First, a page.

Even with the grim plots and double crosses, the movie has plenty of levity to lighten the mood. Scarlett Johansson is an adept comedic actress when she wants to be. Her Black Widow can deliver a snarky line and make it funny while at the same time causing men to drool. Anthony Mackie, as former soldier and friend of Steve Rogers, Sam Wilson, is also able to toss off a line and lighten the mood rather quickly. Even when faced with danger, Wilson can get a laugh by exaggerating the bravado of his character. The entire cast is able to wring some laughs out of a story that could have quickly turned into all doom and gloom. All Marvel films have some sense of humor but this film taps into it a bit more.
“Captain America: The Winter Soldier” is rated PG-13 for gunplay, action throughout and intense sequences of violence. There are numerous fist fights with bodies being thrown around like rag dolls but there is very little blood. We get an up close look as a couple of characters get shot but none is terribly graphic. There are millions of rounds of ammo fired off in the film by everything from handguns to fully automatic rifles. There are even some grenade launchers and rockets fired as well. There is very little if any foul language.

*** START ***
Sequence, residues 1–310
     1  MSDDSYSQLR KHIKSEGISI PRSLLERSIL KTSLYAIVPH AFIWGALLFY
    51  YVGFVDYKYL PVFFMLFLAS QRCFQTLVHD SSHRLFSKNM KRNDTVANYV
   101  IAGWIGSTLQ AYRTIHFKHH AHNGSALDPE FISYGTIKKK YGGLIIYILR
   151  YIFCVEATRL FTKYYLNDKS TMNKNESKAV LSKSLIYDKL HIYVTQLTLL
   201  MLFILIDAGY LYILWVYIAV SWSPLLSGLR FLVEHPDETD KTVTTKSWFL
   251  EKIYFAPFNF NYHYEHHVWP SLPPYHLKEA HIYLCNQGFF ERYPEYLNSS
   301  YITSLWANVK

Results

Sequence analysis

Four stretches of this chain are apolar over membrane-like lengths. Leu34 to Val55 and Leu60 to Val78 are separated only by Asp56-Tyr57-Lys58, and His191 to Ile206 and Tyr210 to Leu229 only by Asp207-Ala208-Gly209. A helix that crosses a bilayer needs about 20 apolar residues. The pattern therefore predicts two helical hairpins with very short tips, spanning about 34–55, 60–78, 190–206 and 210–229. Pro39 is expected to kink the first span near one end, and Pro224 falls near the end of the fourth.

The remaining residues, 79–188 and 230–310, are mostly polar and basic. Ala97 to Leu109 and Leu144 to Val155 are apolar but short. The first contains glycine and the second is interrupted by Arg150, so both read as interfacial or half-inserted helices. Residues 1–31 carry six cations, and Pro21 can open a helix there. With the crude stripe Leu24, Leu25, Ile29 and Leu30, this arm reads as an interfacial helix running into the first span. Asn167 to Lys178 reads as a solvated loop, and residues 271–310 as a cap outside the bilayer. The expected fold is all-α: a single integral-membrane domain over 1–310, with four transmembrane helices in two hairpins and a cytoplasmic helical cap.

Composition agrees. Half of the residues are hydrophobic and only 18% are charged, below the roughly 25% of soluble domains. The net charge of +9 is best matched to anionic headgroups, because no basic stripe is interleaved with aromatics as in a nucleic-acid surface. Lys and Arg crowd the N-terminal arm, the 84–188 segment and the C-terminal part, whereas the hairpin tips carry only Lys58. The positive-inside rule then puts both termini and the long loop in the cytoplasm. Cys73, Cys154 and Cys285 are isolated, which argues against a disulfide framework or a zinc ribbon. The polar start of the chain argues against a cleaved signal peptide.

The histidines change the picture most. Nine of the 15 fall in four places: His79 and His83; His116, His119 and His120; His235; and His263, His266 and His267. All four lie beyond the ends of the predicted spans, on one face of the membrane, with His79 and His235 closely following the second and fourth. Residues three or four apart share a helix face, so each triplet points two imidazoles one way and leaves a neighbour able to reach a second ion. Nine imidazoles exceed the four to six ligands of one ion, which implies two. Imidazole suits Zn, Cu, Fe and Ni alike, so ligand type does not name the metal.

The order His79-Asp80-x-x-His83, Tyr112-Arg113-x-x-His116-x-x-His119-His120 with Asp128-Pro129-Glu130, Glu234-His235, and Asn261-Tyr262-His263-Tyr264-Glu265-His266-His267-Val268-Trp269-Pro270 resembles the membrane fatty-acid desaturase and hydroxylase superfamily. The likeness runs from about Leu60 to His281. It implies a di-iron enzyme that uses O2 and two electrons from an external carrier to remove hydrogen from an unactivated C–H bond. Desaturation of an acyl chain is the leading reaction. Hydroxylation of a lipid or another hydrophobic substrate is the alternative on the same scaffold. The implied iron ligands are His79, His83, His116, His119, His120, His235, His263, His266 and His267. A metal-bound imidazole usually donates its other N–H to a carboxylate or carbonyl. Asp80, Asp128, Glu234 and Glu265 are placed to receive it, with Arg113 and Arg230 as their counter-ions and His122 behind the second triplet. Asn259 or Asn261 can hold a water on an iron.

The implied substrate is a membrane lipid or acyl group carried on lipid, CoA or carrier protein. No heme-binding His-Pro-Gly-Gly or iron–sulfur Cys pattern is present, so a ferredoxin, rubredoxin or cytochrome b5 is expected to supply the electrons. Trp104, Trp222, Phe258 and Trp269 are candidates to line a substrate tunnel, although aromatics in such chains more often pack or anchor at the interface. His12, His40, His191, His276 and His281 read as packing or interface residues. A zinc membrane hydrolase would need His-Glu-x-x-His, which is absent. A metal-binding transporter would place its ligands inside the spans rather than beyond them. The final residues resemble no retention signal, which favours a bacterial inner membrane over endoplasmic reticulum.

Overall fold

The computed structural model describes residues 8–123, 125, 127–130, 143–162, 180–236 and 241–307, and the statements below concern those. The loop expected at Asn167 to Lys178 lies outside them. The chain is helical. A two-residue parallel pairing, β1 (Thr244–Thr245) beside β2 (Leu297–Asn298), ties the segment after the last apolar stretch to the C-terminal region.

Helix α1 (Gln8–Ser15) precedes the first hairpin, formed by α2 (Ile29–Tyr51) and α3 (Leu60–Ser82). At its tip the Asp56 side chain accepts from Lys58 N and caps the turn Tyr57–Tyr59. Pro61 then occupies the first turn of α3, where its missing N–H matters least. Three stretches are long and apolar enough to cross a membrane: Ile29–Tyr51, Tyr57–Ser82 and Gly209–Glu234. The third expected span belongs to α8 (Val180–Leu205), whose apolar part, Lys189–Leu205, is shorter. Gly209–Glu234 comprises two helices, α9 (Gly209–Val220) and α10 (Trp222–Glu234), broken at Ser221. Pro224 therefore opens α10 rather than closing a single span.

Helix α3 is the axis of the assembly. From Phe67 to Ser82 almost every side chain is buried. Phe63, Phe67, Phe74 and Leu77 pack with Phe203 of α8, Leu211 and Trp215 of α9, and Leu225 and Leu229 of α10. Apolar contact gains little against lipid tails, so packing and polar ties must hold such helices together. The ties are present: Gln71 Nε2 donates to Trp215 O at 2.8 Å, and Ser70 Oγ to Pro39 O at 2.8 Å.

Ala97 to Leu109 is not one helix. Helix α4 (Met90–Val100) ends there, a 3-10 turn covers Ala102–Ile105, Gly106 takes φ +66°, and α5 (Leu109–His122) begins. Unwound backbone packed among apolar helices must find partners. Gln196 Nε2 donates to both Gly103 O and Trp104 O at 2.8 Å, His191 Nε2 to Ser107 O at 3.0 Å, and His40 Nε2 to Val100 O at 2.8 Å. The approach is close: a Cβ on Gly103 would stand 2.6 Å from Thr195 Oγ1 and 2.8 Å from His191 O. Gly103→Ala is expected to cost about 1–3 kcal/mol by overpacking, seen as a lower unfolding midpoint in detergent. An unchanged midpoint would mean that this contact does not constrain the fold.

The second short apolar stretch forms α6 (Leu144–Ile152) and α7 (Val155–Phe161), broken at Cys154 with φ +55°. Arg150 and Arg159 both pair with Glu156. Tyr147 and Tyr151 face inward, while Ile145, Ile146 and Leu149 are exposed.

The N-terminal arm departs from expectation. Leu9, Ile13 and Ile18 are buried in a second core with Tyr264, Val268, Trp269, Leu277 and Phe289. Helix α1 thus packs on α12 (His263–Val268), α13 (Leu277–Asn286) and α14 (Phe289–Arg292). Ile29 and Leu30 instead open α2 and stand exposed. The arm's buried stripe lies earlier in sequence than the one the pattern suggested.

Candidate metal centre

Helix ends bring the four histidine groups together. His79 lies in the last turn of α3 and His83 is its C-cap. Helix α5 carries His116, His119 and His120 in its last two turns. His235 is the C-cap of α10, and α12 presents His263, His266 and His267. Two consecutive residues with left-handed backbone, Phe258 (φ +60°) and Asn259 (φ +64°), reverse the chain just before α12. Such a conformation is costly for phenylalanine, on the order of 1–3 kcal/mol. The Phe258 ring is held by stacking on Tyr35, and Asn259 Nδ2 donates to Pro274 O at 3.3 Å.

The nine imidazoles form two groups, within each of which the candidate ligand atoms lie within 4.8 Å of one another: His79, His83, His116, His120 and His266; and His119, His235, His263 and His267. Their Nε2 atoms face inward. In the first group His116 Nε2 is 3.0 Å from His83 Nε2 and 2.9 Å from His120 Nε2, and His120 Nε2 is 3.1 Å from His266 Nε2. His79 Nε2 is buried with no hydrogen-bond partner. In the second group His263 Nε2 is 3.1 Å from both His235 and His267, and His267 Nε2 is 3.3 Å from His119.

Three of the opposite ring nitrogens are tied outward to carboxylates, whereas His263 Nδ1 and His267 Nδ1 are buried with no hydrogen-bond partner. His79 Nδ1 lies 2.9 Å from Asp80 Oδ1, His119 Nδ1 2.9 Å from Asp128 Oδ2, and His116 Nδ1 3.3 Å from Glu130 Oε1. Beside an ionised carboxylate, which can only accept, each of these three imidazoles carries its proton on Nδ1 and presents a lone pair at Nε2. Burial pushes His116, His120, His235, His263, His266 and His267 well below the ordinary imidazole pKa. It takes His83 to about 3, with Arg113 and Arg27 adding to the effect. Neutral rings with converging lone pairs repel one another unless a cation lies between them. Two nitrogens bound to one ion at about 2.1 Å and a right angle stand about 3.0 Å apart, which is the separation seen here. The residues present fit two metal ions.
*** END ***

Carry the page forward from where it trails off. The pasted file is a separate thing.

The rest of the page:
There are, as usual, a couple of bonus scenes after the main movie ends. One involves the upcoming “Avengers: Age of Ultron” film. That one occurs in the middle of the credits. The other happens after the last credit roles and it involves the Winter Soldier. These quick scenes following Marvel films are a favorite of mine. They tease the next film in the series or within the universe and give fans plenty to think and chat about after they leave the theatre. They build interest in films that are a year or more away far better than teaser movie trailers and limited websites. If DC and Warner Brothers are smart, they will include some bonus scenes in the Batman vs. Superman movie that is scheduled to come out on July 15, 2015. That could be a record breaking day at the box office as the third Captain America film is set to release that same day. I just hope we get as good a film from Cap’s third time out as we did his second.
“Captain America: The Winter Soldier” gets five guitars out of five.